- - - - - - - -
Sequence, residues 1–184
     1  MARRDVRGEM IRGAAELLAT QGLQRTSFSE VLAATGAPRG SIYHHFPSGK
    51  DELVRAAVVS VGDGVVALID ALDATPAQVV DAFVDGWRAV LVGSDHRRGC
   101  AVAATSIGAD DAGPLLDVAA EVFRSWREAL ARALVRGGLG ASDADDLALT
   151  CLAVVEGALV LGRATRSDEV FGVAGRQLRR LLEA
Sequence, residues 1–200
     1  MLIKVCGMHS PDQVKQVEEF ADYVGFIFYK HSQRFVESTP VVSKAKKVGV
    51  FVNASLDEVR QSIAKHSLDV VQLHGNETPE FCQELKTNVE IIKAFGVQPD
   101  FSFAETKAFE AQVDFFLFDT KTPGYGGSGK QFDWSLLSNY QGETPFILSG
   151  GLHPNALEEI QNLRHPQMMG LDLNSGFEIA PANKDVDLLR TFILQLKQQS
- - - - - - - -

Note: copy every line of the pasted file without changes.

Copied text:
Sequence, residues 1–184
     1  MARRDVRGEM IRGAAELLAT QGLQRTSFSE VLAATGAPRG SIYHHFPSGK
    51  DELVRAAVVS VGDGVVALID ALDATPAQVV DAFVDGWRAV LVGSDHRRGC
   101  AVAATSIGAD DAGPLLDVAA EVFRSWREAL ARALVRGGLG ASDADDLALT
   151  CLAVVEGALV LGRATRSDEV FGVAGRQLRR LLEA
Sequence, residues 1–200
     1  MLIKVCGMHS PDQVKQVEEF ADYVGFIFYK HSQRFVESTP VVSKAKKVGV
    51  FVNASLDEVR QSIAKHSLDV VQLHGNETPE FCQELKTNVE IIKAFGVQPD
   101  FSFAETKAFE AQVDFFLFDT KTPGYGGSGK QFDWSLLSNY QGETPFILSG
   151  GLHPNALEEI QNLRHPQMMG LDLNSGFEIA PANKDVDLLR TFILQLKQQS